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Work while yet the daylight shines,

Man of strength and will!
Never does the streamlet glide

Useless by the mill;
Wait not till to-morrow's sun

Beams upon thy way,
All that thou canst call thine own

Lies in thy “to-day.”
Power, and intellect, and health

May not always last-
“The mill cannot grind

With the water that is past."

Oh, the wasted hours of life

That have drifted by!
Oh, the good that might have been,

Lost, without a sigh!
Love that we might once have saved

By a single word,

Thoughts conceived, but never penned,

Perishing unheard;
Take the proverb to thine heart,

Take, and hold it fast
“The mill cannot grind

With the water that is past."

Lăn'guid ly, feebly, lazily; prov'ērb, an old saying in common use; spěll, charm, magic power; con ceived' (kon sēvd'), existing in the mind. STUDY HELPS

Mention all the sounds you can hear in stanza 1.
How can a proverb “haunt" the mind?

What are you told about the leaves, and the corn, and the streamlet, in stanza 2?

What lesson are you asked to take to yourself in stanza 3?
What lines tell you why it is important to learn this lesson?
What lesson about work is stated in stanza 4?
What “may not always last"?

Read the lines in the last stanza that tell the things that have been lost by not paying attention to the truth in the proverb.

Repeat the proverb from memory.



There's no dew left on the daisies and clover,

There's no rain left in heaven;
I've said my “seven times” over and over,

Seven times one are seven.

I am old, so old I can write a letter;

My birthday lessons are done;
The lambs play always, they know no better;

They are only one times one.


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O moon! in the night I have seen you sailing

And shining so round and low; You were bright! ah, bright! but your light is failing,–

You are nothing now but a bow.

You moon, have you done something wrong in heaven

That God has hidden your face?
I hope if you have you will soon be forgiven

And shine again in your place.

O velvet bee, you 're a dusty feliow;

You ’ve powdered your legs with gold!
O brave marshmary buds, rich and yellow,

Give me your money to hold!

O columbine, open your folded wrapper,

Where two twin turtledoves dwell!
O cuckoopint, toll me the purple clapper

That hangs in your clear green bell!

And show me your nest, with the young ones in it,

I will not steal it away;
I am old! you may trust me, linnet, linnet, -

I am seven times one to-day.

Brāve, showy; märsk'mā'ry, the marsh marigold, a golden flowered plant growing in moist places; col'um bine (kol'um bīn), a garden plant with a flower like clustered pigeons; cuck'oo pint (kook'oo pint'), a common European flower, called also “lords-and-ladies"; lin'nět, a very common small song bird. STUDY HELPS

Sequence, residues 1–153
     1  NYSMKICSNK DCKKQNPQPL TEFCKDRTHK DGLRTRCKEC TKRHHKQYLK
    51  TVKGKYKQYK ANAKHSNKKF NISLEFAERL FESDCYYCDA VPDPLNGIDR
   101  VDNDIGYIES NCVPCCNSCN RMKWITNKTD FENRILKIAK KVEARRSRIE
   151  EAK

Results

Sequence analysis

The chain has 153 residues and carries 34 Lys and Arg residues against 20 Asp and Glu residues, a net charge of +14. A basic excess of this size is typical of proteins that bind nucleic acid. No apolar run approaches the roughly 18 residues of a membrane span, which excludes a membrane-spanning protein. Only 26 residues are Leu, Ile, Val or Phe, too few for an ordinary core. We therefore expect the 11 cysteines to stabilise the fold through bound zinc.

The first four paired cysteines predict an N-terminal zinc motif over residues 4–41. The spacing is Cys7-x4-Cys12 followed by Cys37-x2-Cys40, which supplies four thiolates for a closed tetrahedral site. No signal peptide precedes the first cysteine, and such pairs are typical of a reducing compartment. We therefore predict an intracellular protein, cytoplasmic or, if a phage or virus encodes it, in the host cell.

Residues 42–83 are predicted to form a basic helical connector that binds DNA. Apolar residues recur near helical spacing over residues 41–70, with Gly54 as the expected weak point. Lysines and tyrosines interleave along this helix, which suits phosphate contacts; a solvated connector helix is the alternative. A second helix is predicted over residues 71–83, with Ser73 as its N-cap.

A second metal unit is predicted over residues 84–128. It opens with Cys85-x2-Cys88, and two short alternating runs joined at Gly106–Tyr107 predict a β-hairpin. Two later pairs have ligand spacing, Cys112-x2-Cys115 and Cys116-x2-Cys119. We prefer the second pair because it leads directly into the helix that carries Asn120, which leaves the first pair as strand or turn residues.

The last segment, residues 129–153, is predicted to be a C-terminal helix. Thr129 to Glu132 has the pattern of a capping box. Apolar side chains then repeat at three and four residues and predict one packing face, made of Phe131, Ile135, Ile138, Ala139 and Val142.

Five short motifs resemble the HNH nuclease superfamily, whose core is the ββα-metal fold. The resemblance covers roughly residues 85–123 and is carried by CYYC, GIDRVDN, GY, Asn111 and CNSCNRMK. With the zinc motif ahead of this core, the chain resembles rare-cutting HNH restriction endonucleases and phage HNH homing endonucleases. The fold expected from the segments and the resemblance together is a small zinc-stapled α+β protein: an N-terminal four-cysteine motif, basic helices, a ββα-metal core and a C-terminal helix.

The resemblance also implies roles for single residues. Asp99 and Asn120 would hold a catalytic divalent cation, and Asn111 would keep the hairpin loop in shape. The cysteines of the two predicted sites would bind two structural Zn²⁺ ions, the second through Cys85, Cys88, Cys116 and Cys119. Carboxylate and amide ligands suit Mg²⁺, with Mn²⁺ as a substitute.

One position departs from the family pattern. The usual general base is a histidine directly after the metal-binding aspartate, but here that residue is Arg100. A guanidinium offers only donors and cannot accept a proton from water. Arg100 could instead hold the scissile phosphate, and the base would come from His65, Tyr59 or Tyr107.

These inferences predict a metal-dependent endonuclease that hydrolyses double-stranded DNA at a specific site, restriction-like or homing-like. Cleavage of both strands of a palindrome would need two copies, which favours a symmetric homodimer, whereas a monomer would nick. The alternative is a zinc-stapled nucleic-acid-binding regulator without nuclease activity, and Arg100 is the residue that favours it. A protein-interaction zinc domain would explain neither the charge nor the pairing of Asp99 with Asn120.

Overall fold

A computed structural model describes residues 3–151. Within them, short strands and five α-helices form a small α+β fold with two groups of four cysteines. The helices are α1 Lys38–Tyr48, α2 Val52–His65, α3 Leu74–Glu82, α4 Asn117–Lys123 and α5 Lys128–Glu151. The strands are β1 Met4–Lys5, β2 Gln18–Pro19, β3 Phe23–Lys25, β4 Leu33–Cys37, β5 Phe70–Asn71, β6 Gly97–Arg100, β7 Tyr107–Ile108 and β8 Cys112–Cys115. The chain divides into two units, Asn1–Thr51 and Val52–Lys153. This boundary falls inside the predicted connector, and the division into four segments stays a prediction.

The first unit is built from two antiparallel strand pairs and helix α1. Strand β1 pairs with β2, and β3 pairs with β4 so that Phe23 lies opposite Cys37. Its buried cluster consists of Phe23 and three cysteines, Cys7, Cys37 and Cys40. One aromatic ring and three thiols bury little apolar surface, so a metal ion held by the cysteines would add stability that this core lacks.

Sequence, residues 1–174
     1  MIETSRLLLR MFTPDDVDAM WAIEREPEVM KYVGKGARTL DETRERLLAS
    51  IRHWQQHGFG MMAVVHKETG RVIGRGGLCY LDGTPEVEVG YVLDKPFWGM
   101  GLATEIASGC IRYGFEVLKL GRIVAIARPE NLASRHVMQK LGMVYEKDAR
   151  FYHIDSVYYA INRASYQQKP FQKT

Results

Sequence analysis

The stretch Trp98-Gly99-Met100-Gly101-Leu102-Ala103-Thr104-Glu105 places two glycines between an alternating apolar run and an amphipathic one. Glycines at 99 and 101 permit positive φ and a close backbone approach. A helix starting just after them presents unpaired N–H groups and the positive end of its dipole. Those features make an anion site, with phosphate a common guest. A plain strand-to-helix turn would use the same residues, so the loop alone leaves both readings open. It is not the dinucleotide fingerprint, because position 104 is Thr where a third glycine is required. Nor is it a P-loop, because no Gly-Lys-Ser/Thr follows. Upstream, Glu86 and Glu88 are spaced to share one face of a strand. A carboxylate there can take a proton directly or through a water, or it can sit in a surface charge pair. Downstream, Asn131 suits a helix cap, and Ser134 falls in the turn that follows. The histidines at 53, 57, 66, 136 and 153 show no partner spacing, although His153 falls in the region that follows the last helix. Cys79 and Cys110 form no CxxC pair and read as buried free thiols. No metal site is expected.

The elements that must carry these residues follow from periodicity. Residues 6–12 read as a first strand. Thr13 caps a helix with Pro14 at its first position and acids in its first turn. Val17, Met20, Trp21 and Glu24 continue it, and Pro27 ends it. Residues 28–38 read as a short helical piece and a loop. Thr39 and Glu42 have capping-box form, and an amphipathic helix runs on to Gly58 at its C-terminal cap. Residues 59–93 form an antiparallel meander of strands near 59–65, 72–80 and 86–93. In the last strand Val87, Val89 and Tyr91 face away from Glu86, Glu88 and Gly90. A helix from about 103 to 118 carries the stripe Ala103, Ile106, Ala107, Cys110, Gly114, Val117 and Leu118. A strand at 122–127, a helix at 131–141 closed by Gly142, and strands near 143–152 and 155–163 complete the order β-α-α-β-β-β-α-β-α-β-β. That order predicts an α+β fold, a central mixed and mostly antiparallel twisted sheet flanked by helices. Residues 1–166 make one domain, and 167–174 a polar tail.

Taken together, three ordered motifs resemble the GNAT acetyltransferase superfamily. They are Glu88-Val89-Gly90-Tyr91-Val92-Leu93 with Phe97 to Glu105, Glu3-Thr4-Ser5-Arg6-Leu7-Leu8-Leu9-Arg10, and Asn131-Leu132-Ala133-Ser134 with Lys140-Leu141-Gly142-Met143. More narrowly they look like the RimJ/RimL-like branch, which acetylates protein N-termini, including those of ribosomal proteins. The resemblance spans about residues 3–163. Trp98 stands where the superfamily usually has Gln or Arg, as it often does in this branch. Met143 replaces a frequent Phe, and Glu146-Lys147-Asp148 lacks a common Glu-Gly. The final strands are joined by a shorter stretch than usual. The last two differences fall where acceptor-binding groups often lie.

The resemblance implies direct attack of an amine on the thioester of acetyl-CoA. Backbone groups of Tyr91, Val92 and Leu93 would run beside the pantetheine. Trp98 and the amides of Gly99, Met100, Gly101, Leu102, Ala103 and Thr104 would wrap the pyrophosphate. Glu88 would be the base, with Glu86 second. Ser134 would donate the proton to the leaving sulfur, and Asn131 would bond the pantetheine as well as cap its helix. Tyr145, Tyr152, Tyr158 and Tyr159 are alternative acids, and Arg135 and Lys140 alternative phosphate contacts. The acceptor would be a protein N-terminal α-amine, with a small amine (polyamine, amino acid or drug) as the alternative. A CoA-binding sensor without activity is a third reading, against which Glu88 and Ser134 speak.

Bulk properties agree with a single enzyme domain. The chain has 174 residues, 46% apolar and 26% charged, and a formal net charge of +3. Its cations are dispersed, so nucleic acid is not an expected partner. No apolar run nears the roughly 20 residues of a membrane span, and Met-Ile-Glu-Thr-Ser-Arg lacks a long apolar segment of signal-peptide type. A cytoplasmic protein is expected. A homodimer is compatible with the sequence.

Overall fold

This is a birthday poem. How old is the speaker?
What can you tell of the time of day from the opening lines?
What has the speaker already done on this birthday?

What does she say about the moon? What question does she ask the moon, and what hope does she express?

Can you tell from stanzas 5 and 6 whether the speaker is having a good time?

Why can the linnet safely show her the “nest with the young ones in it”?

Choose a stanza that you like.



There was a man who had three sons. The youngest was called Dummling, and was on all occasions despised and ill-treated by the whole family. It happened that the eldest took it into his head one day to go into the wood to

cut fuel; and his mother gave him a delicious pasty and a bottle of wine to take with him, that he might refresh himself at his work.

As he went into the wood, a little old man bade him good day, and said, “Give me a little piece of meat from your plate, and a little wine out of your bottle; I am very hungry and thirsty." But this clever young man said, “Give you my meat and wine! No, I thank you; I should not have enough left for myself”: and away he went. He soon began to cut down a tree; but he had not worked long before he missed his stroke, and cut himself, and was obliged to go home to have the wound dressed. Now it was the little old man that caused him this mischief.

Next went out the second son to work; and his mother gave him too a pasty and a bottle of wine. And the same little old man met him also, and asked him for something to eat and drink. But he too thought himself vastly clever, and said, “Whatever you get, I shall lose; so go your way!” The little man took care that he should have his reward; and the second stroke that he aimed against a tree, hit him on the leg; so that he too was forced to go home.

Then Dummling said, “Father, I should like to go and cut wood too.” But his father answered, “Your brothers have both lamed themselves; you had better stay at home, for you know nothing of the business.” But Dummling was very pressing; and at last his father said, “Go your way; you will be wiser when you have suffered for your folly.” And his mother gave him only some dry bread, and a bottle of sour beer; but when he went into the wood, he met the little old man, who said, “Give me some meat

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